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Garry looked over and said, “You’d better move!” and luckily, I had the Panasonic loaded for bear and I hot-footed it to the front for the second act of the show.

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You can sort of see that there are the beginning of new leaves on the oak trees. Some of the maples still have leaves … others don’t. I’m not sure why they ate one tree and not another. That’s probably too existential a question to ask when dealing with caterpillars.

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FIGHTING MONSTERS

We all battle monsters. Real monsters. Monsters “from the id,” and those monsters that dwell in our subconscious. And of course, there are the monsters that are us.

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Ever since the weather went from winter to warm, I’ve felt as if my back is against the wall and the demons are closing in. This is not the way I usually feel. I’ve been through a lot of crap over the years. Physically, mentally, socially. I’ve gone through enough rough patches to feel like “rough” is perfectly normal to be dealt with by wearing sturdy sandals.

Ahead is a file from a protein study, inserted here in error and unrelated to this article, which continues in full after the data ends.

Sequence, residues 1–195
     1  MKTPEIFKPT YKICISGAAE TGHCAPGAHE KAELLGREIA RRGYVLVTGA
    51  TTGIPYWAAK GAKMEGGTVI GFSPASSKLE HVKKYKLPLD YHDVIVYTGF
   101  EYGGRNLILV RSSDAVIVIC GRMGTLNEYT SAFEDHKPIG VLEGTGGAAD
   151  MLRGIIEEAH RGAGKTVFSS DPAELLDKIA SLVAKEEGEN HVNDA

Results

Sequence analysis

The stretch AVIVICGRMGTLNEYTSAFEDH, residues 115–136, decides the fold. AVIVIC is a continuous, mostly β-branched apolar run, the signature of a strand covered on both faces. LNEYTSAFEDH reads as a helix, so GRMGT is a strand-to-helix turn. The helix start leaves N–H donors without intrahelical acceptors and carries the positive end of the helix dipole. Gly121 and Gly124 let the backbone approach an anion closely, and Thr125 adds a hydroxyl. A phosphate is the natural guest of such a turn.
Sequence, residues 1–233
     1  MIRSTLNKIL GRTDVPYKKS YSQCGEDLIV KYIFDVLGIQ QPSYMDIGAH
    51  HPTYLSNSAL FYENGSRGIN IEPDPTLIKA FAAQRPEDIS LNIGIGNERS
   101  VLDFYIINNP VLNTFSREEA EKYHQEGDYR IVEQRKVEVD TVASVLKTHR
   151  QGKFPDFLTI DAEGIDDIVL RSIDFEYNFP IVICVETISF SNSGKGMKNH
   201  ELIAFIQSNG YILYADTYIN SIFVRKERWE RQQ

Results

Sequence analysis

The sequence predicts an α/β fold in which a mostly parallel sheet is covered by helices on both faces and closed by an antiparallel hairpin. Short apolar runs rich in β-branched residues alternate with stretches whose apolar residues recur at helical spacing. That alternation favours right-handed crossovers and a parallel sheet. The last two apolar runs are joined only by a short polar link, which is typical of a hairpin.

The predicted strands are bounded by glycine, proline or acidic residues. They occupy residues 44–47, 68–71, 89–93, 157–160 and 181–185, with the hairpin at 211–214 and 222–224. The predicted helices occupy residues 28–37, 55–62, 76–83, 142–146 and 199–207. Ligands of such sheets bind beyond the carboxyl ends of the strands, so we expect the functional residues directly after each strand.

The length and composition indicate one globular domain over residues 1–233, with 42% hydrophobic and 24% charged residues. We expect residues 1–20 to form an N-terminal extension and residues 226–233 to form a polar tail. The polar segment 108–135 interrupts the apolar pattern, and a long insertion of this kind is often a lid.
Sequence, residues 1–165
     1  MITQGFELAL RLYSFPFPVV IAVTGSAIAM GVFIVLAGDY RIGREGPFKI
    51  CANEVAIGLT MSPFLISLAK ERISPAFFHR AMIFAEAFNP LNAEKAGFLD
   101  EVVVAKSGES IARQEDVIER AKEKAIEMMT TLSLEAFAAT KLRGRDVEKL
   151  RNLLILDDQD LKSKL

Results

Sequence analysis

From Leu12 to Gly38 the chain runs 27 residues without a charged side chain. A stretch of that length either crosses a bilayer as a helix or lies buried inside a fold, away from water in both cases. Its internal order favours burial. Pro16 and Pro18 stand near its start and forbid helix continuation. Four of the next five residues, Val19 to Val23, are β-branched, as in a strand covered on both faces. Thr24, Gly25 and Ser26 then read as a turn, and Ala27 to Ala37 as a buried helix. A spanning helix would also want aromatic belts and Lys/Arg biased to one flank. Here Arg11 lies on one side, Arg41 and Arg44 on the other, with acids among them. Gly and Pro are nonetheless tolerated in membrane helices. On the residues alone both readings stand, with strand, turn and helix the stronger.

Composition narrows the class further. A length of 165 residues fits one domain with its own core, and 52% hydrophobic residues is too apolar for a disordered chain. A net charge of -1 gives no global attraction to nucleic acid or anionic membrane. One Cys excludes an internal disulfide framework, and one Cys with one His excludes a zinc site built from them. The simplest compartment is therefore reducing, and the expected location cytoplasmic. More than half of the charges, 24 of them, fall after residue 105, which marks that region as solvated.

This year my defenses were breached. Being attacked by a zillion poisonous, ravening caterpillars … while all I could do in response was hide indoors was a uniquely horrible experience which I hope never to repeat. It has taken a toll. I am mentally exhausted and more than a little freaked out.

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The worst of the horror show is over, I know. The trees have been defoliated and are apparently recovering. There are a million or several million moths zooming about the humid air. If they were at least pretty, it would help.

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Gypsy Moths aren’t pretty. They are little. Dull brown, taupe, or gray. Except for the non-flying females who are white. None of the moths do anything at this stage. After morphing into moths, they no longer eat. They lay or fertilize eggs, fly aimlessly here and there … then die.,